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Saturday, June 13, 2015

New York Times Editorial, "Accounting for the Benefits of Mideast Peace": A Delightful Flight of Fancy

Don't get me wrong: I favor a two-state solution to the Israeli-Palestinian conflict, and the potential benefits of such a solution are numerous. Nothing would please me more than a prosperous democratic Palestinian state living side-by-side with Israel. On the other hand, I have no illusions regarding the likelihood of Fatah or Hamas accepting Israel's right to exist, which must be a fundamental condition of any such peace, because otherwise, Israel, which is the size of New Jersey, will be facing continuous rocket attacks throughout its length and breadth. Moreover, my support for a two-state solution is not predicated upon any anticipated benefit involving trade with Israel's other neighbors.

In an editorial entitled "Accounting for the Benefits of Mideast Peace," The New York Times extols the virtues of a two state solution and points to a Rand Corporation report that details the benefits of a two-state solution to both sides of the conflict. The Times says of the report's conclusions:

"Among the assumptions underlying these conclusions are the return of 100,000 settlers from the West Bank to Israel, with relocation costs paid by the international community, and a tripling of Israeli trade with Arab countries in the Middle East."

"A tripling of trade with Arab countries in the Middle East?" Yeah, right. Trade with Iraq, Syria, Yemen and Libya? These countries no longer exist, and Lebanon is hanging in the balance. Trade with Egypt, Jordan and Saudi Arabia? Although Israel has peace treaties with Egypt and Jordan, and Saudi Arabia fears Iran far more than Israel, the level of anti-Semitism found in these and other Arab countries would stand in the way of meaningful trade.

All of Israel's Arab neighbors are in desperate need of Israeli desalination technology, but my guess is that any trade agreement involving the transfer of such know-how is not going to happen in my lifetime.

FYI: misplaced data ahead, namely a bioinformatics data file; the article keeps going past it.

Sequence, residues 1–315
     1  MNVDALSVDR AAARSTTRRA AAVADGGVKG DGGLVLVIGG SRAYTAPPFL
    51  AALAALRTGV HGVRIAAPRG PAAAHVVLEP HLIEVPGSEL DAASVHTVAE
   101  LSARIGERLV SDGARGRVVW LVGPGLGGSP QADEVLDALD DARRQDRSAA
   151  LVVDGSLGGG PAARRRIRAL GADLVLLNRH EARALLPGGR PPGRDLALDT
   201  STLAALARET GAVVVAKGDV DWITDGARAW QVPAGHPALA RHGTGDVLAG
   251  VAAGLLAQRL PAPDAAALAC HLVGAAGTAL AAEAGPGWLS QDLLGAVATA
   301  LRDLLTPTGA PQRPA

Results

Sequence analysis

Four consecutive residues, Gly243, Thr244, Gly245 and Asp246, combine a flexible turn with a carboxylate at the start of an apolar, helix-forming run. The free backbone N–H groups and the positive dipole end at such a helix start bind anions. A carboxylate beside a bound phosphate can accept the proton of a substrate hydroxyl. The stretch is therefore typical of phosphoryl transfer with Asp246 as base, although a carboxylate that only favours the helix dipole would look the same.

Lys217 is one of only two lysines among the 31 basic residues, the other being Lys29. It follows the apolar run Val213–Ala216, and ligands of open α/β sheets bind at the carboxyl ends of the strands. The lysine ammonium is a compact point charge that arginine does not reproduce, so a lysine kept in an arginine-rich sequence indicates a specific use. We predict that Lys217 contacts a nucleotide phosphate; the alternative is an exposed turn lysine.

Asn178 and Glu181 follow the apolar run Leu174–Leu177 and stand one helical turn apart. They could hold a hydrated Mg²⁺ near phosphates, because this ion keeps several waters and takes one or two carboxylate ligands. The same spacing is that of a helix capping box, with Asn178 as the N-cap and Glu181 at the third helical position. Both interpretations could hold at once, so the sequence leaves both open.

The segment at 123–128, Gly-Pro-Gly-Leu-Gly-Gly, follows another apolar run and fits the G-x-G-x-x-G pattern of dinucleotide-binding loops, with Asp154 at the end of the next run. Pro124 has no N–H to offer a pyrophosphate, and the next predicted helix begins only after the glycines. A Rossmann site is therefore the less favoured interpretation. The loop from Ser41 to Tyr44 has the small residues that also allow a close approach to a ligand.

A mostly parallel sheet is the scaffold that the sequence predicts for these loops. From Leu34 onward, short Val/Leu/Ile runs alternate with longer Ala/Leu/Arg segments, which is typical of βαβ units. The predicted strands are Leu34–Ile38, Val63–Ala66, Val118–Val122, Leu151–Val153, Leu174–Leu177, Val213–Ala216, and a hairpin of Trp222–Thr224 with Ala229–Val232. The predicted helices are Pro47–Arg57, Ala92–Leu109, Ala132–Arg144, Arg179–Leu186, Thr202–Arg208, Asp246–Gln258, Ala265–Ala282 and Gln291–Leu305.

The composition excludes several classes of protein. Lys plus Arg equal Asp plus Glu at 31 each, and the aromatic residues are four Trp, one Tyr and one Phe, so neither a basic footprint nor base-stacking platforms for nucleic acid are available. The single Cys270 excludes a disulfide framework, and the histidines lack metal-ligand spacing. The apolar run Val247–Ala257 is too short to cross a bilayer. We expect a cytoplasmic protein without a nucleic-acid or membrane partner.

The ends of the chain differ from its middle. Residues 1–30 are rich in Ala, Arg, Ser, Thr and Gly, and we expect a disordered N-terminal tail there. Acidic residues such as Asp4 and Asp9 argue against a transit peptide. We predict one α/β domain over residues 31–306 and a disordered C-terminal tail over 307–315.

A two-state solution is a worthy goal, yet, as evidenced by the negative Palestinian response to Israeli Prime Minister Olmert's 2008 peace offer, providing the Palestinians with an independent state along the 1967 lines together with agreed upon land swaps and Palestinian control of east Jerusalem, Palestinians are still not prepared to accept Israel.

In short, a two-state solution and trade with Israel's Arab neighbors? Don't hold your breath.

1 comment:

  1. Who funded this RAND report?

    Who decided 100,000 Jews do not have the right to live in Judea and Samaria? The Europeans?; who can no longer guarantee a Jew's safety?

    No wonder Naftali B was so surprised, on a trade visit, when the Chinese got right to business, there was not a mention of the "settlements".

    That was the last time I had a PC that could play a video :)

    Did this RAND report assume the Saudis turn Gaza into an oil pipeline port/refinery/desalination, under Saudi/Egyptian control? The Saudis have great expertise in border fences. Egypt is bringing back the mile-wide moat...

    lots of shovel-ready jobs.